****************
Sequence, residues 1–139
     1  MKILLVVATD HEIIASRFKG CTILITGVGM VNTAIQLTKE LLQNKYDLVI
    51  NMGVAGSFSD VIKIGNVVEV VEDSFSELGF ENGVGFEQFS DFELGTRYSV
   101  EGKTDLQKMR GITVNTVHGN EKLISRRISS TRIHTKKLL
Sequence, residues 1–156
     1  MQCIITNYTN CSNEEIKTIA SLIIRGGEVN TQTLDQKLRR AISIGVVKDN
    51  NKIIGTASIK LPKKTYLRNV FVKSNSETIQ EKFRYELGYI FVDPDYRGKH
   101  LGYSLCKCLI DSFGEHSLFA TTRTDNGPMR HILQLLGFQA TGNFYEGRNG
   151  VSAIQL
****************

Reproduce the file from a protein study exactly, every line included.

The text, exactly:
Sequence, residues 1–139
     1  MKILLVVATD HEIIASRFKG CTILITGVGM VNTAIQLTKE LLQNKYDLVI
    51  NMGVAGSFSD VIKIGNVVEV VEDSFSELGF ENGVGFEQFS DFELGTRYSV
   101  EGKTDLQKMR GITVNTVHGN EKLISRRISS TRIHTKKLL
Sequence, residues 1–156
     1  MQCIITNYTN CSNEEIKTIA SLIIRGGEVN TQTLDQKLRR AISIGVVKDN
    51  NKIIGTASIK LPKKTYLRNV FVKSNSETIQ EKFRYELGYI FVDPDYRGKH
   101  LGYSLCKCLI DSFGEHSLFA TTRTDNGPMR HILQLLGFQA TGNFYEGRNG
   151  VSAIQL